An Oakland Gardens attorney officially launched his second try at defeating a nearly 13-year State Senate incumbent, hoping a newly-redrawn majority Asian district and a one-on-one primary will give him a leg up this time around.
John Messer, 42, pointed out that since the new 16th District, which is now 53 percent Asian, no longer includes Bay Terrace — an area that voted largely for State Senator Toby Ann Stavisky in a primary race two years ago — he foresees a more level playing field. He also expects this year’s two-way battle to bode well in his favor.
“Everybody knows that when you bring more people into a race and you divide the vote, it gives an opportunity for an incumbent to win even though they don’t have a majority of the votes,” Messer said.
Stavisky won a three-way 2010 primary challenge against Messer and Isaac Sasson, a retired professor and cancer researcher, with 45 percent of the vote. Sasson is now supporting Messer, who rallied supporters at his July 22 campaign kickoff at the Flushing Mall.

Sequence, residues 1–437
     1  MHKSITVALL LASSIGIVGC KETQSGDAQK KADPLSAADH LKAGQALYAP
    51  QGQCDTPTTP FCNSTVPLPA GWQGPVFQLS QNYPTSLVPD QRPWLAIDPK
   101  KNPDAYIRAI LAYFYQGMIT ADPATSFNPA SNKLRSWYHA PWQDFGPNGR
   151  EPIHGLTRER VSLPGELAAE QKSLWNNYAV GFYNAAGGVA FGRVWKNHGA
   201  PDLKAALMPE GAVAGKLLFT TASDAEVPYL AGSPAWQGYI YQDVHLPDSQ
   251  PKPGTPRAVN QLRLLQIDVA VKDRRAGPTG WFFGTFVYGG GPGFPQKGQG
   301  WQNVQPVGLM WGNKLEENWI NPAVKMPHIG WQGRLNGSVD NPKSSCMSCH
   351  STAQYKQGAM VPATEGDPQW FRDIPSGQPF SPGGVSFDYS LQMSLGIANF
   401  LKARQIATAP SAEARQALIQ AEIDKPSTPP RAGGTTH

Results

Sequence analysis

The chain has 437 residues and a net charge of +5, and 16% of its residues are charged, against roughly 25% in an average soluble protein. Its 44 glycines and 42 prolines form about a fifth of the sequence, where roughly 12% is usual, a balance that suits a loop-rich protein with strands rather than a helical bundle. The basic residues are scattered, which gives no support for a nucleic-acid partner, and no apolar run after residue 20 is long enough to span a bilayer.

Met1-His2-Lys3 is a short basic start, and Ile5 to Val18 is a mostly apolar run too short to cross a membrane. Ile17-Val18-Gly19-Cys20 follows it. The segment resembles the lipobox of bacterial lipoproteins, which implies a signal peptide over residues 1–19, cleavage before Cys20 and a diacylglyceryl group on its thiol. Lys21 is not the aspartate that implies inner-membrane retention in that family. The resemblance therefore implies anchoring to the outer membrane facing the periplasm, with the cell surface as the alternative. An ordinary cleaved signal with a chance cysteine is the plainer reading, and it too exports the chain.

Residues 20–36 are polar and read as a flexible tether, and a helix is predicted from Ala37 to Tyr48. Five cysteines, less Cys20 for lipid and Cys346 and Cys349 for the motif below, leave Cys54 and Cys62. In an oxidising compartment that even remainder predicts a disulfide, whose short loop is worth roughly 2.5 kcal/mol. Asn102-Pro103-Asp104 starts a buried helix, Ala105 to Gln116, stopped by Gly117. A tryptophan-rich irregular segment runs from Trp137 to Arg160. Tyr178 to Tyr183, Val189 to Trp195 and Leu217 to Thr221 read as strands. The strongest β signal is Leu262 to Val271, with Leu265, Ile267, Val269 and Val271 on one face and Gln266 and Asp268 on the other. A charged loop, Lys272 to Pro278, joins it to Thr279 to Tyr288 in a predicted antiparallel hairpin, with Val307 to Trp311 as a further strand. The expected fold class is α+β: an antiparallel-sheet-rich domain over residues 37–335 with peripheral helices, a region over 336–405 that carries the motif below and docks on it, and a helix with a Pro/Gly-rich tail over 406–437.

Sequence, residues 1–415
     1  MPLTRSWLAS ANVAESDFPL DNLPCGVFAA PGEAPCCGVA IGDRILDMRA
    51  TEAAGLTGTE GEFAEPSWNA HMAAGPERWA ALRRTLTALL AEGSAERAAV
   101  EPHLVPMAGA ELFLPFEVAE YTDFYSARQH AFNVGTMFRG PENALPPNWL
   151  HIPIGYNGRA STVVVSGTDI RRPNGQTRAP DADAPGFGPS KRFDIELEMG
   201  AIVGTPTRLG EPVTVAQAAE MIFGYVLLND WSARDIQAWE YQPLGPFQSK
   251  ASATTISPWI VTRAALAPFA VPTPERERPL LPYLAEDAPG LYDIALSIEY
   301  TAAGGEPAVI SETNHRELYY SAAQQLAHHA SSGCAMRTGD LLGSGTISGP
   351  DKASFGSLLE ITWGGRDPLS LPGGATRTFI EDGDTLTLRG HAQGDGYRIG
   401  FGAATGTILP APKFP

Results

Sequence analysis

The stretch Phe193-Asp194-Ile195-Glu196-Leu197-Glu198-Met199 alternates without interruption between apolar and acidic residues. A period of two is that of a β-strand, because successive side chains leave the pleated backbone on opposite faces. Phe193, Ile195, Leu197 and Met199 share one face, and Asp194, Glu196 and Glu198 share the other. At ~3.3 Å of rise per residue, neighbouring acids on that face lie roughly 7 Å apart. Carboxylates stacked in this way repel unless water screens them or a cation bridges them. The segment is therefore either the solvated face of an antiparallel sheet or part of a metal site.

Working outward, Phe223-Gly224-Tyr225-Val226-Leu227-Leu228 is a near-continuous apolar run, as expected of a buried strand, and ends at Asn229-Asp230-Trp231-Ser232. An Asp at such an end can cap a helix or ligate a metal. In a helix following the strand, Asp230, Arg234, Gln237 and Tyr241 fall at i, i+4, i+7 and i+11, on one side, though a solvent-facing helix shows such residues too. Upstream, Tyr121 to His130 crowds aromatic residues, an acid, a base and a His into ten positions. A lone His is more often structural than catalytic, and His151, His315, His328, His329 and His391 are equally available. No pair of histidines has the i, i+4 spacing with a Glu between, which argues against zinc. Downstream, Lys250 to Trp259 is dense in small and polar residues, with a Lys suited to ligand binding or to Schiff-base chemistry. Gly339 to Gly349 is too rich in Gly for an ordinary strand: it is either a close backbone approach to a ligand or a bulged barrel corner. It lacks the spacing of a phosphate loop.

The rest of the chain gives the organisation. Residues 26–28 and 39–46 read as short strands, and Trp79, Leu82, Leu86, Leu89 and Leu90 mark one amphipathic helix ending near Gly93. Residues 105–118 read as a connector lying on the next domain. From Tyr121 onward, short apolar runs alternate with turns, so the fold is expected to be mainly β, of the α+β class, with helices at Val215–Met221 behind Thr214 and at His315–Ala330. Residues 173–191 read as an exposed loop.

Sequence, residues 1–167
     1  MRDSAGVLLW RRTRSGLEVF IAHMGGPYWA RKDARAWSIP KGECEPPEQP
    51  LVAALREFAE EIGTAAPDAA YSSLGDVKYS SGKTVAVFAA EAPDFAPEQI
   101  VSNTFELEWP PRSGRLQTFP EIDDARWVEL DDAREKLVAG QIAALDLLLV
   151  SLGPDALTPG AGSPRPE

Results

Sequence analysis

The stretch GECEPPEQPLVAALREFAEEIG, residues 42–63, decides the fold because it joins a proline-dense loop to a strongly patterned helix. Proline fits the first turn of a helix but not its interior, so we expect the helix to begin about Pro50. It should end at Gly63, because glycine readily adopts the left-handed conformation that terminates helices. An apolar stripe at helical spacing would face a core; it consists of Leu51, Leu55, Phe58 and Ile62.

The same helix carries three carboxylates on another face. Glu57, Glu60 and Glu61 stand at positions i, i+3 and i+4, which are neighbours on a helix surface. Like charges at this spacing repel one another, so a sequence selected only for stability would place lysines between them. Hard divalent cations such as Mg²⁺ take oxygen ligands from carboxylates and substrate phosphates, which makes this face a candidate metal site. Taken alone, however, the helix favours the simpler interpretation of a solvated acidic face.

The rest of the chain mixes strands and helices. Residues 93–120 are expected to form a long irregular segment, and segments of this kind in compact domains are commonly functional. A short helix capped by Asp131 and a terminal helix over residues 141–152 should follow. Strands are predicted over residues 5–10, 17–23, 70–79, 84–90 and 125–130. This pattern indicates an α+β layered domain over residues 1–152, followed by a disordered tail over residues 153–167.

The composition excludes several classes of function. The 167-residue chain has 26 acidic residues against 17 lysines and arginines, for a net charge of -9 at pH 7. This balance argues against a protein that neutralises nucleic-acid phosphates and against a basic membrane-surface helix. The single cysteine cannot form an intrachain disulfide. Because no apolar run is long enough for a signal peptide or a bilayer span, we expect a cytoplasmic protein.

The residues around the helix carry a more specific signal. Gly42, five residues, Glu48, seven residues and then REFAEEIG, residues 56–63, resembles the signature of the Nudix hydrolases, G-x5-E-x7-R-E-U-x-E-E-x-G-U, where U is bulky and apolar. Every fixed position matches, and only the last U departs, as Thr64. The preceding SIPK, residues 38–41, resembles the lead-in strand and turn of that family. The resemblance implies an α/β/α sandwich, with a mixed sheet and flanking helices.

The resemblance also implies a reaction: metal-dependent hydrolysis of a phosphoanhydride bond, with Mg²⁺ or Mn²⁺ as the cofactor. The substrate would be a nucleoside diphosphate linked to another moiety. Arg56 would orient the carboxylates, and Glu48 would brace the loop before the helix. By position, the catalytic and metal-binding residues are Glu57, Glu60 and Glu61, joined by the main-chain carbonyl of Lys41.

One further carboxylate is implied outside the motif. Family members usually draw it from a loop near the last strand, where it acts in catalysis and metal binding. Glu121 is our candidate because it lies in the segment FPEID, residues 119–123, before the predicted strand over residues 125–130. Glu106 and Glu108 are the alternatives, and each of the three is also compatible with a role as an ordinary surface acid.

“We hear the same thing over and over again,” said Messer, who has thrown in $351,000 of his own money to the campaign. “Voters of this district want change. Nothing I believed in two years ago has changed.”
Messer accused Stavisky of never hiring an Asian staffer in her dozen years as Flushing’s senator while pointing to his own two Asian campaign co-chairs, as well as his Chinese wife and three kids.
But Stavisky’s spokesperson, Josh Goodman, said the claims were false. The incumbent senator, he said, has had Asian-American staffers over the years, as well as Chinese and Korean language services available at her Flushing district office.
“Anybody in the community can always get help from Senator Stavisky regardless of her ethnic background and linguistic issues,” Goodman said. “I think it’s a little insulting of Mr. Messer to suggest she doesn’t understand a community that she serves so well.”
Stavisky — the first woman from Queens elected to the State Senate — has the backing of every Asian elected official in the city, Goodman said, as well as the Queens County Democratic Party and both U.S. Senators Kirsten Gillibrand and Chuck Schumer.
The winner of the September 13 Democratic primary will take on Republican candidate J.D. Kim.